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Characterization of a novel cold-adapted intracellular serine protease from the extremophile Planococcus halocryophilus Or1

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The enzymes of microorganisms that live in cold environments must be able to function at ambient temperatures. Cold-adapted enzymes generally have less ordered structures that convey a higher catalytic rate, but at the cost of lower thermodynamic stability. In this study, we characterized P355, a novel intracellular subtilisin protease (ISP) derived from the genome of Planococcus halocryophilus Or1, which is a bacterium metabolically active down to -25°C. P355's stability and activity at varying pH values, temperatures, and salt concentrations, as well as its temperature-dependent kinetics, were determined and compared to an uncharacterized thermophilic ISP (T0099) from Parageobacillus thermoglucosidasius, a previously characterized ISP (T0034) from Planococcus sp. AW02J18, and Subtilisin Carlsberg (SC). The results showed that P355 was the most heat-labile of these enzymes, closely followed by T0034. P355 and T0034 exhibited catalytic constants (k cat ) that were much higher than those of T0099 and SC. Thus, both P355 and T0034 demonstrate the characteristics of the stability-activity trade-off that has been widely observed in cold-adapted proteases.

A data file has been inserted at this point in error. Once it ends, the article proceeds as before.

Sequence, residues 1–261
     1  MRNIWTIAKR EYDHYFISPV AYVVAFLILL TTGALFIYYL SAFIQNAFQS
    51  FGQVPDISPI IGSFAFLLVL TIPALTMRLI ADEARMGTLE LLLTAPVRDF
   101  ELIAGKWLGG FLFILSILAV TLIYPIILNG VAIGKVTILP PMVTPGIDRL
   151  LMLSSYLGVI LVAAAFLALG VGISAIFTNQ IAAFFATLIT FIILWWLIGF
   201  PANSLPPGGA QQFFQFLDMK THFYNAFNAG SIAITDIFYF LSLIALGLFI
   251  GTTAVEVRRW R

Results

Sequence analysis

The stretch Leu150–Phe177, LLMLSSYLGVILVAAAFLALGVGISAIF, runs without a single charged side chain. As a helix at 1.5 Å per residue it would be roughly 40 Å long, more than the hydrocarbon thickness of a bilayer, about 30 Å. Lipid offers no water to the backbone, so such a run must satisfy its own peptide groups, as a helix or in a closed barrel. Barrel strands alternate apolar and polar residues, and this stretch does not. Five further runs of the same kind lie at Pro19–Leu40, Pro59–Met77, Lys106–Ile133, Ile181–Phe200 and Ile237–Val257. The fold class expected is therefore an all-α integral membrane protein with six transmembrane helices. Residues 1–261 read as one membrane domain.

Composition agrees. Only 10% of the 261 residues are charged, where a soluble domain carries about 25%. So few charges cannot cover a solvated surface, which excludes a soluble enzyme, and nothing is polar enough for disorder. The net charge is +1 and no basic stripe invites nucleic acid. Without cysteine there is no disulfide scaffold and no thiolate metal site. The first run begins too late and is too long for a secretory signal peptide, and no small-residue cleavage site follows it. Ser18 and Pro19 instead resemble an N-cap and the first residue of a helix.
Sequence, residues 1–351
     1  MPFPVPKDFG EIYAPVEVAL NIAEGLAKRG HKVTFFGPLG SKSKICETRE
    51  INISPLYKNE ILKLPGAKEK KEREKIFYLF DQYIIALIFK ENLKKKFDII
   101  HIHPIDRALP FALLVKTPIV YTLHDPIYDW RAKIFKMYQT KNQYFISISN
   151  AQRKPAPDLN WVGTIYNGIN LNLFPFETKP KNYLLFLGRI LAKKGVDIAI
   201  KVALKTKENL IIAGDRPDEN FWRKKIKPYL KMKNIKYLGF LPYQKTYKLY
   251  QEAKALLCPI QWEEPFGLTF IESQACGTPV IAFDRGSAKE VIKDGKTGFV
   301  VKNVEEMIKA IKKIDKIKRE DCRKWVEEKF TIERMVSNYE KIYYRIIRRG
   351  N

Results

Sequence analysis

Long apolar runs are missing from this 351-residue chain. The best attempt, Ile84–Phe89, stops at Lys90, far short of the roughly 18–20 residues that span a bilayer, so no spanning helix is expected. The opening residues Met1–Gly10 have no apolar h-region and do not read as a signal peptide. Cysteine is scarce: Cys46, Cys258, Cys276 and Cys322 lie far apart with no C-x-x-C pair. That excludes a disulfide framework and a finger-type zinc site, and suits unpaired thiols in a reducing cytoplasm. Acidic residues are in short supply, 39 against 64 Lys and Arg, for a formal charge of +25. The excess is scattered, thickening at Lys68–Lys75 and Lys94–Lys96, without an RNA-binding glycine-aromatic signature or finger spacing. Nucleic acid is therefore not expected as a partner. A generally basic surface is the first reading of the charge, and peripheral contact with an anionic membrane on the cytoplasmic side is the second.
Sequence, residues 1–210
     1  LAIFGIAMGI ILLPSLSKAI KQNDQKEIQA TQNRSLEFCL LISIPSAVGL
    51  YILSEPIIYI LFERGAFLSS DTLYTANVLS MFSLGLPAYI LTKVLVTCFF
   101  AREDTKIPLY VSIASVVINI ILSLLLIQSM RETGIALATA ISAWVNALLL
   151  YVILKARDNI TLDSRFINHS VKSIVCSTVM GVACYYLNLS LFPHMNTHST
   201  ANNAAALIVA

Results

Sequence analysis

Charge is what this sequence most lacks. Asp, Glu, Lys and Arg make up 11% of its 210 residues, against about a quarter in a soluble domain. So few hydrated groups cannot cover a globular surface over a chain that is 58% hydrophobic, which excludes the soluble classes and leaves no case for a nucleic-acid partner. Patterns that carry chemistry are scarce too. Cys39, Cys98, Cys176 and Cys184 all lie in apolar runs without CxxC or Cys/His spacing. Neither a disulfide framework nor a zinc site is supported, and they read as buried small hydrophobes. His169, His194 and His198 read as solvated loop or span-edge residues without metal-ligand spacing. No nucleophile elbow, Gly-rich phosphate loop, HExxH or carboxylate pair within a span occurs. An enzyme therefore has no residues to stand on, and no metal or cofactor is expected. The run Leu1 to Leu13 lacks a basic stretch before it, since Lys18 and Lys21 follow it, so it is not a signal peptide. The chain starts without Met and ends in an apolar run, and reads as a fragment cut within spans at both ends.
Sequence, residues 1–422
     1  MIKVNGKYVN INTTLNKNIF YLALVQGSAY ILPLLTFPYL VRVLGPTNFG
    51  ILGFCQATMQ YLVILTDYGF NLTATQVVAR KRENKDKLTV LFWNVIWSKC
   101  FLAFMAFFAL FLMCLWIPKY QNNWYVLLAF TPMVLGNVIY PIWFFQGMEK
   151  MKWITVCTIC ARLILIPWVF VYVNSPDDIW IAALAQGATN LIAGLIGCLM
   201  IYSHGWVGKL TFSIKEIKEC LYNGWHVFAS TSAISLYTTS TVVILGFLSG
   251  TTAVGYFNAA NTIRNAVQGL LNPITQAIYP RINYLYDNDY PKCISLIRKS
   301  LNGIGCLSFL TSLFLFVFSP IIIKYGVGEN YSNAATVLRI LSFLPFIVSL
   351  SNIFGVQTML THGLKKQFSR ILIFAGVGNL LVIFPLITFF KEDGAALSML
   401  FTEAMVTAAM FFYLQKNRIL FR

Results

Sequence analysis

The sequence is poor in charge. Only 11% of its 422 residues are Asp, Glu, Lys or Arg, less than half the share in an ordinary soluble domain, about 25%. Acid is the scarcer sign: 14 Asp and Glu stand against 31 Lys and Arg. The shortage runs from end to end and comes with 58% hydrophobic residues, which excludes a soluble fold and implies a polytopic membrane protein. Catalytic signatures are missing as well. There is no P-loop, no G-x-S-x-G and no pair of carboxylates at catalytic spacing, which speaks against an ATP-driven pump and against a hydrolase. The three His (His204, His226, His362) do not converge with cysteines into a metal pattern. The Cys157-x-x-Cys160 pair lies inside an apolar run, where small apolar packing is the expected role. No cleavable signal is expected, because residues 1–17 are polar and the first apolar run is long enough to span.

Original languageEnglish
Article number1121857
JournalFrontiers in Microbiology
Number of pages15
Publication statusPublished - 2023

    Research areas

  • calcium, characterization, cold adaptation, intracellular subtilisin protease, maturation, Planococcus, protein chemistry

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